The purpose of this paper is to provide an understanding of the importance of socioemotional wealth (SEW) to family firms in Poland viewed through the lens of the events…
The purpose of this paper is to provide an understanding of the importance of socioemotional wealth (SEW) to family firms in Poland viewed through the lens of the events surrounding the first hostile takeover bid of the post-communist era on the Warsaw Stock Exchange when the clothing company Vistula & Wólczanka (V&W) made an unsolicited, leveraged bid for the family-controlled jewelry company W. Kruk.
The 2008 takeover and its aftermath are described in the context of the corporate governance and legal environment in Poland. The case study events demonstrate the connection between firm behavior and SEW theory.
After the acquisition of W. Kruk by V&W, the Kruk family purchased stock in the newly named Vistula Group and gained influence over the supervisory board in concert with a business ally, eventually wresting back control of the company in the style of a Pac-Man “defense.” The case study illustrates the importance of SEW in family firm takeovers.
The case study design has limitations for generalizability. Nevertheless the research highlights the important role of SEW preservation in understanding the market for corporate control of listed family firms in Poland.
Understanding the reaction by family firms to takeover bids requires recognition that there is a tradeoff between financial and SEW considerations, not just financial gains and losses.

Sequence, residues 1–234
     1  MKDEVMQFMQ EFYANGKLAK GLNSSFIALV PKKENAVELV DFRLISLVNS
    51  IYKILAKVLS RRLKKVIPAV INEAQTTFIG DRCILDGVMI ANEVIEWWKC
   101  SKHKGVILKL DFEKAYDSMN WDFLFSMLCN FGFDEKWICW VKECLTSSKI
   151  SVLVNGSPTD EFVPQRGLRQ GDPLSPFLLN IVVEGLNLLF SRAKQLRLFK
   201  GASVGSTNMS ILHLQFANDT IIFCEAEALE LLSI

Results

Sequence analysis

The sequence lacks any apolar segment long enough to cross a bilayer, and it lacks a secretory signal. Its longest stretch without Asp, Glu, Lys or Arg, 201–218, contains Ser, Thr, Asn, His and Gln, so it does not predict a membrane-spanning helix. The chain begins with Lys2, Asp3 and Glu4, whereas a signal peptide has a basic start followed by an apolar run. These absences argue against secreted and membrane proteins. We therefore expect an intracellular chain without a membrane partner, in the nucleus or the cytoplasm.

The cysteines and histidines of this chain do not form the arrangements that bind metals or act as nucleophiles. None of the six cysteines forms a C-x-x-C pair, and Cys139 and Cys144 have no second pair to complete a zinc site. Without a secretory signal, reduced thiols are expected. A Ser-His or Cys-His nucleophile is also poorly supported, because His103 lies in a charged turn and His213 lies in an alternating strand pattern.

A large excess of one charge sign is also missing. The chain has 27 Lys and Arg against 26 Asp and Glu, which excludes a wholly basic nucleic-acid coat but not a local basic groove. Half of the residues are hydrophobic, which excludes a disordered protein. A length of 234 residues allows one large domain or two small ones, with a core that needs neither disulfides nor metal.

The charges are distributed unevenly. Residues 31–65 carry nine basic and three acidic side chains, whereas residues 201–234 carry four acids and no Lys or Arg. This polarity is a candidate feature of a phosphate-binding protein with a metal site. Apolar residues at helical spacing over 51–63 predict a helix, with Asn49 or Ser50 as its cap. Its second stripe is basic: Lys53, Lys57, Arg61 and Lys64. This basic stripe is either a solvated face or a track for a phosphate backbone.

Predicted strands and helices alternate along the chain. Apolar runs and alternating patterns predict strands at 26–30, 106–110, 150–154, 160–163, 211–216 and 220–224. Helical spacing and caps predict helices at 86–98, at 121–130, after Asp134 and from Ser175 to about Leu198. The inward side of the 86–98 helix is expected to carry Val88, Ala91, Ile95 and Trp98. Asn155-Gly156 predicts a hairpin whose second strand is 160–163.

The case study demonstrates the importance of SEW to family firms and suggests that the balance of power in takeovers on the Polish stock market rests with incumbent management.
The purpose of this paper is to analyse the reasons for non‐compliance by Polish listed companies with elements of the Polish code of corporate governance Best Practices…
The purpose of this paper is to analyse the reasons for non‐compliance by Polish listed companies with elements of the Polish code of corporate governance Best Practices in Public Companies 2005.
Based on 250 publicly available compliance statements filed in 2005 by companies listed on the Warsaw Stock Exchange (WSE) content analysis is used to classify the explanations provided for non‐compliance with those corporate governance principles that attract high levels of non‐compliance.
The data analysis reveals that, despite a high level of overall compliance, three out of 50 code principles attract high levels of non‐compliance. These principles concern the independence of supervisory board members, the composition of supervisory board committees and the appointment of auditors. The most contentious principle concerns the independence of supervisory board members, due to the presence of many majority‐owned companies on the Warsaw Stock Exchange.
The paper sheds light on the operation of the “comply or explain” approach to corporate governance in Poland and provides suggestions for improving the level and quality of compliance with the revised corporate governance code Best Practices for WSE Listed Companies, applicable from 2008 onwards.
The paper provides an empirical investigation of the reasons given by Polish companies for non‐compliance with the most controversial corporate governance principles. It highlights a tendency for some companies to report compliance that is conditional, suggesting that reported compliance under‐represents the true level of compliance. We suggest that establishing a monitoring committee tasked with evaluating the quality of explanations for non‐compliance and reducing ambiguities in the wording of code principles will improve the quality of Polish corporate governance in the long term.